Flogging a dead horse

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A man sitting on a dead horse in Sheboygan, Wisconsin.

Flogging a dead horse (alternatively beating a dead horse, or beating a dead person in some parts of the Anglophone world) is an idiom that means to continue a particular endeavour is a waste of time as the outcome is already decided.

According to the Oxford English Dictionary,[1] the first recorded use of the expression in its modern sense was by the English politician and orator John Bright, referring to the Reform Act of 1867, which called for more democratic representation in Parliament. Trying to rouse Parliament from its apathy on the issue, he said in a speech, would be like trying to flog a dead horse to make it pull a load. The Oxford English Dictionary cites The Globe, 1872, as the earliest verifiable use of flogging a dead horse, where someone is said to have "rehearsed that [. . .] lively operation known as flogging a dead horse".[2]

However Jay Dillon[3] has discovered an earlier instance attributed to the same John Bright thirteen years earlier: speaking in Commons 28 March 1859, Lord Elcho (Francis Charteris, 10th Earl of Wemyss) remarked that Bright had not been "satisfied with the results of his winter campaign" and that "a saying was attributed to him [Bright] that he [had] found he was 'flogging a dead horse.'"[4]

Earlier meaning[edit]

Some scholars claim that the phrase originated in 17th-century slang, where a "dead horse" was work that was paid for in advance, e.g. "His land 'twas sold to pay his debts; All went that way, for a dead horse, as one would say."[5] This attribution confuses "flogging a dead horse" with an entirely different phrase: "to work (for) the dead horse". This phrase was slang for "work charged before it is executed". This use of 'dead horse' to refer to pay that was issued before the work was done was an allusion to using one's money to buy a useless thing (metaphorically, "a dead horse"). Most men paid in advance apparently either wasted the money on drink or other such vices, or used it to pay outstanding debts.

In his book Old England and New Zealand published in London in 1879 the author Alfred Simmons gives detailed explanation and background of the "Flogging the Dead Horse" ceremony performed on board ship by a ship's crew at the end of the first month of their voyage (page 113).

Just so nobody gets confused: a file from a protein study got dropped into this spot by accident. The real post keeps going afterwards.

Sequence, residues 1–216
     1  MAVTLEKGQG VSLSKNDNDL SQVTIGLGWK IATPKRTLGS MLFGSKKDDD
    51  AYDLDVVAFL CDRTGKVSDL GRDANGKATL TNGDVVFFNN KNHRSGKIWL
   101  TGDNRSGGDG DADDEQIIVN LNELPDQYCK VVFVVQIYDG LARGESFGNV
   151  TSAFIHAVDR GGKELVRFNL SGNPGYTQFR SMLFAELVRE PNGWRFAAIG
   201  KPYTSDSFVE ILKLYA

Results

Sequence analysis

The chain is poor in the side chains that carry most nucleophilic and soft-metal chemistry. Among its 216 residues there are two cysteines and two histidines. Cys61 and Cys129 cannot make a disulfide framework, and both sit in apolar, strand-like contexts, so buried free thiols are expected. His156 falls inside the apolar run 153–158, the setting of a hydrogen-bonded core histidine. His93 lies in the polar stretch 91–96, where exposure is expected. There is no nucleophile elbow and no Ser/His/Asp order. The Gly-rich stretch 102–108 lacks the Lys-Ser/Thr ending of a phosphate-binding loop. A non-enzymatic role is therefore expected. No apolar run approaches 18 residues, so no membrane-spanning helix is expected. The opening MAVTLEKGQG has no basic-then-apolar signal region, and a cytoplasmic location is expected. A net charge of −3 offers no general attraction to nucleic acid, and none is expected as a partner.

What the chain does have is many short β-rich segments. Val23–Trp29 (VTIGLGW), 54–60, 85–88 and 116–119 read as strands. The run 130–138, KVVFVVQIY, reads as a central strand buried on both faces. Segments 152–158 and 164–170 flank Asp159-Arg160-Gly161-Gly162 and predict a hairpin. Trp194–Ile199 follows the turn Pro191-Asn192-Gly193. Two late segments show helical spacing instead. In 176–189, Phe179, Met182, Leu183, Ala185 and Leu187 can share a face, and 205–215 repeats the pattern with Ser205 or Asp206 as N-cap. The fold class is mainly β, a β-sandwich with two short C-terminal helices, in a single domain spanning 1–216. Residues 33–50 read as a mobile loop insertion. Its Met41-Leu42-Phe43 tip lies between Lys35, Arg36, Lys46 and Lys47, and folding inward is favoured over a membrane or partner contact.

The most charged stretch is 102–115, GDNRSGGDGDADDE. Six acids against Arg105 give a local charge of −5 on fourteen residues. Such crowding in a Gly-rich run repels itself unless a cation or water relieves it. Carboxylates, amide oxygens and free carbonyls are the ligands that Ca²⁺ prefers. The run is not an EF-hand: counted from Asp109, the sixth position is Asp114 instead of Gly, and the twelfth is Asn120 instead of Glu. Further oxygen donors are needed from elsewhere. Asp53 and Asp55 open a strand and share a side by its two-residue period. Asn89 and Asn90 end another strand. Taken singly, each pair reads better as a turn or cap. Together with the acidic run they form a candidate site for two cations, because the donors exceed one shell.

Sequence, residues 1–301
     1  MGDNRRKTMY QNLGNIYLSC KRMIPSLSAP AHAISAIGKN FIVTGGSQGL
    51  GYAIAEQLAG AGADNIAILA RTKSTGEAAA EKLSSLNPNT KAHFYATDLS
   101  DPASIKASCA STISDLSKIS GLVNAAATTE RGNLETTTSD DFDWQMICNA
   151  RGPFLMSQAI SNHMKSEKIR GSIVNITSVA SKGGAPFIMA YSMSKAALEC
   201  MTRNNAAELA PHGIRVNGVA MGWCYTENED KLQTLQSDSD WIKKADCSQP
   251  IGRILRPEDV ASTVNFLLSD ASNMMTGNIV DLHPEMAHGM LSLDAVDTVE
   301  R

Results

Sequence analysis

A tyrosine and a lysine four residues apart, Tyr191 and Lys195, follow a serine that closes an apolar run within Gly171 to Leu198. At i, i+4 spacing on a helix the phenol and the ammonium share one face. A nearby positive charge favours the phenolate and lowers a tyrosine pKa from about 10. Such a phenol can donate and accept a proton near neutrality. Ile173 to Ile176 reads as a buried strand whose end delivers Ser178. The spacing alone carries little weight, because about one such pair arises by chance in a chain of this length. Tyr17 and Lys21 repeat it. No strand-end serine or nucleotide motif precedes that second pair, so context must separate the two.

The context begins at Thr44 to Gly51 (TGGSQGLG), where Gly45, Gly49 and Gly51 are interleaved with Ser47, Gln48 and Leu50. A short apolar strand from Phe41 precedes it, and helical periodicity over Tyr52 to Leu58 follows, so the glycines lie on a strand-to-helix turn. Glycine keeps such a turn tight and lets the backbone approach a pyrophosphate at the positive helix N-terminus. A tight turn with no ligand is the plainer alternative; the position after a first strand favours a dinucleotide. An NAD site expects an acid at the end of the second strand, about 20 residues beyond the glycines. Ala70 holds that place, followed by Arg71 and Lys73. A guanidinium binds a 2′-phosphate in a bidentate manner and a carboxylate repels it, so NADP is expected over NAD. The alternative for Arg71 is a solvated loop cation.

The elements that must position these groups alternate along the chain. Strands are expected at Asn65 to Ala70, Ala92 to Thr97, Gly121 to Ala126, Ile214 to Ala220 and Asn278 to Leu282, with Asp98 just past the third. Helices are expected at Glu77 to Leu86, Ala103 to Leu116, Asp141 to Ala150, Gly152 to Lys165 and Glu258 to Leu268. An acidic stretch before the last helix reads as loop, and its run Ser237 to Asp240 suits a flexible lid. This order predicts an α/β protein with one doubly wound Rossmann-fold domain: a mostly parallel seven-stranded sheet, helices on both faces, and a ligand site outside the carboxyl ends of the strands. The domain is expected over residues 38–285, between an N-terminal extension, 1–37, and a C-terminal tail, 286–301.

"To slay the slain"[edit]

A comparable expression for useless labour is "thrice to slay the slain", a quotation from John Dryden, in Alexander's Feast, stanza iv. Dryden drew his inspiration from Sophocles's Antigone in which the blind seer Tiresias is led onstage by a boy, and declaims, "Nay, allow the claim of the dead; stab not the fallen; what prowess is it to slay the slain anew?"[6] The trope was used in Latin, too: in Libanius's funeral oration for the Emperor Julian, he declares of a scoundrel, "Of the three who had enriched themselves through murders, the first had gone over the whole world, accusing people falsely, and owed ten thousand deaths to both Europe and Asia; so that all who knew the fellow were sorry that it was not possible to slay the slain, and to do so thrice over, and yet oftener."[7] The expression was used in "literary" contexts, as when Edward Young mused:

While snarlers strive with proud but fruitless pain

To wound immortals, or to slay the slain.

In the heated atmosphere of literary journalism, the phrase was often quoted to show the writer's knowledge. In Punch for May 1861, a broad satire on the heated controversies caused by the publication of Charles Darwin's Origin of Species, which was defended by Thomas Henry Huxley, concluded as follows.

To twice slay the slain,

By dint of the Brain,

(Thus Huxley concludes his review)

Is but labour in vain,

Unproductive of gain,

And so I shall bid you 'Adieu'!

— "Monkeyana" from Punch, May 1861[8]


  1. ^ OED.com, 8 January 2014.
  2. ^ 1872 The Globe, 1 Aug 1872.
  3. ^ Jay Dillon Rare Books + Manuscripts (Monmouth Beach, New Jersey), 9 January 2014.
  4. ^ Hansard's Parliamentary Debates, 3rd series, vol. 153 (1859), col. 934.
  5. ^ Nicker Nicked in Harl. Misc. (Park) II. 110 (1668)
  6. ^ "Antigone: Tiresias' Monologue". Monologue Archive. Retrieved 2011-04-26.
  7. ^ Libanius, " Julian the Emperor" (1888). Monody: Funeral Oration for Julian The Tertullian Project
  8. ^ ""Monkeyana", from ''Punch'', May 1861". THE HUXLEY FILE. Retrieved 2011-04-26.

Further reading[edit]

  • Isil, Olivia A. (1996). When a Loose Cannon Flogs a Dead Horse There's the Devil to Pay: Seafaring Words in Everyday Speech. International Marine. ISBN 0-07-032877-3.

External links[edit]